Premier Francois Legault pulled no punches in signaling that he would like to see the Conservatives win a minority government. The popular premier stated, “To protect the nation of Quebec, I think we have to be careful with these parties (Liberals, NDP and Green). Those three parties, they are not ready to transfer powers to the Quebec government.”

He went on to say Justin Trudeau was dangerous to Quebec’s interests with health care, immigration, and with identity politics. In his rambling comments, Legault gave Erin O’Toole an endorsement by process of elimination and he stated that he hoped for a minority Conservative government before adding, “It’s up to Quebecers to choose…”

So, what might this endorsement mean for the Conservatives – and for the Liberals’ support in Quebec? The Liberals’ support is strongest in Montreal; and now with Legault’s comments can they win seats outside this urban area? Conservatives are currently polling 19 per cent on average in the province and, accounting on how that support is distributed, the best-case scenario would be to win 15 seats. Will they increase their seat count? In the last Parliament, Quebec’s 78 seats were divided as such: Liberals 35, Bloc Québécois 32, Conservatives 10, and NDP 1. Trudeau had hoped to form his majority with increased seats in Quebec – so we might know early in the night whether this is at all possible. 

  1. Whether the vote for the People’s Party steals Conservatives’ seats 

This week’s national opinion polls showed the Liberals with 32 per cent, Conservatives with 31 per cent, NDP with 20 per cent, and Green Party with 4 per cent. The People’s Party registered 7 per cent support nationally. 

Regional polling reported by the Globe and Mail show that outside of Ontario’s GTA the Liberals are only nosing ahead of the Conservatives 33 to 32 percentage points – and the PPC support is 8 per cent. In BC, the Conservatives lead the Liberals in support 30 to 28 per cent – and the PPC support is 8 percent. In both regions, the People’s Party has the possibility of denying Conservative candidates their victories. Pollster Nik Nanos commented on this data: “They’re a significant factor in a number of races and should be of concern to the Conservatives.”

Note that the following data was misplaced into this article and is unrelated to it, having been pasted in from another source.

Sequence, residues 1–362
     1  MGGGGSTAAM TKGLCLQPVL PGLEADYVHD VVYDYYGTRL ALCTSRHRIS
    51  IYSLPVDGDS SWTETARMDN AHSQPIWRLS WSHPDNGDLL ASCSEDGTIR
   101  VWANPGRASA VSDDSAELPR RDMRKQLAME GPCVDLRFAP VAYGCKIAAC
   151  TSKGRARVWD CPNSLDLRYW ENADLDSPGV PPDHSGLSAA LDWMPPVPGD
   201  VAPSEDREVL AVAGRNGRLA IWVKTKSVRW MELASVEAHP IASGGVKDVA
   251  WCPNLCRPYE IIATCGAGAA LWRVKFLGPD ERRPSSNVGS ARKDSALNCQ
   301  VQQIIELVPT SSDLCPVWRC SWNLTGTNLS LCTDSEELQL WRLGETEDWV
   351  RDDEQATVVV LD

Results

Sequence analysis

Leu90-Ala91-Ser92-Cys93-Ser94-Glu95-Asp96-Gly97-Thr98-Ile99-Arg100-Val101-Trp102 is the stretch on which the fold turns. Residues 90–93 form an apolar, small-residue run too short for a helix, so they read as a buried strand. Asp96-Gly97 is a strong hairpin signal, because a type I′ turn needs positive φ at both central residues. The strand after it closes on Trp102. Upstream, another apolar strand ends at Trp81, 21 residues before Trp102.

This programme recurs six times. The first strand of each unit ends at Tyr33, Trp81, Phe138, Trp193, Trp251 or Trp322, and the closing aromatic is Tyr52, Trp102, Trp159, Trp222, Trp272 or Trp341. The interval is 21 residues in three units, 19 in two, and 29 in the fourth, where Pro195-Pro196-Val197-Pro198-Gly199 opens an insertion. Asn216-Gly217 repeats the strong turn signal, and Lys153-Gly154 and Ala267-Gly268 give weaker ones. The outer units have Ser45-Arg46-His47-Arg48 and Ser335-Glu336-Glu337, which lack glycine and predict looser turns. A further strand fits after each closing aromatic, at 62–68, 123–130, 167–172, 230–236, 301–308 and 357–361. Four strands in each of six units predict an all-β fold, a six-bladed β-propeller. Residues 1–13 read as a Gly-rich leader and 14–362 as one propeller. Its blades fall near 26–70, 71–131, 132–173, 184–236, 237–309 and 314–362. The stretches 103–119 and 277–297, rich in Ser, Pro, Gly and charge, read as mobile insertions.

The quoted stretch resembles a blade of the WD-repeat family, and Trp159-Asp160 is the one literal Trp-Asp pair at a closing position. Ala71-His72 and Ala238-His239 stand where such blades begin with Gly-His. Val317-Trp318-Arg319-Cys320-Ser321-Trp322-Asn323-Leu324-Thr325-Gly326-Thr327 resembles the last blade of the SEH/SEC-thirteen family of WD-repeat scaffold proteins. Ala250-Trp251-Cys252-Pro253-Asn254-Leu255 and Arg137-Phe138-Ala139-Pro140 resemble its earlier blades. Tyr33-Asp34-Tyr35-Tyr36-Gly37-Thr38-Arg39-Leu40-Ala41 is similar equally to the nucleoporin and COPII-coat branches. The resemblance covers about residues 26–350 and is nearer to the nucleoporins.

In an interview with The Hill Times, The Niagara Independent’s own Kate Harrison stated she was watching the PPC numbers with “a bit of caution,” not agreeing their support takes directly from the Conservatives.  “They are largely people that have been apolitical to this point or…by virtue of supporting the PPC, perhaps reject partisan politics altogether.” 

Abacus polling data reveals that 3 in 5 PPC supporters backed the Conservatives in 2019 – 1 in 5 did not vote and the other 1 in 5 voted half for the Liberals and the other half somewhere else. 

So, the question will be answered on election night whether this will have a direct impact on the Conservative seat count. In Ontario and BC races, where Liberal and NDP candidates eke out a win, simply add 60 per cent of the PPC vote count to the Conservative count and see if this makes a difference. 

One final point of interest on Monday night will be viewing the results come in from a few bell-weather ridings: the fickle Fredericton seat, where the 2019-elected Green candidate Jenica Atwin is now running as a Liberal “incumbent”; the Peterborough-Kawartha riding, where Liberal cabinet minister Maryam Monsef is running hard needing to outdistance a formidable Conservative as well as her associating with “our brothers” the Taliban; the Vancouver Granville riding, where constituents have great faith in Jody Wilson-Raybould and must now decide who is her successor; and, most-interesting is the riding of St. Catharines, “the perennial bell-weather riding” that most-often will signal the party that forms government, where the Liberal incumbent Chris Bittle is hard pressed to defeat his conscientious and community-minded Conservative opponent Krystina Waler.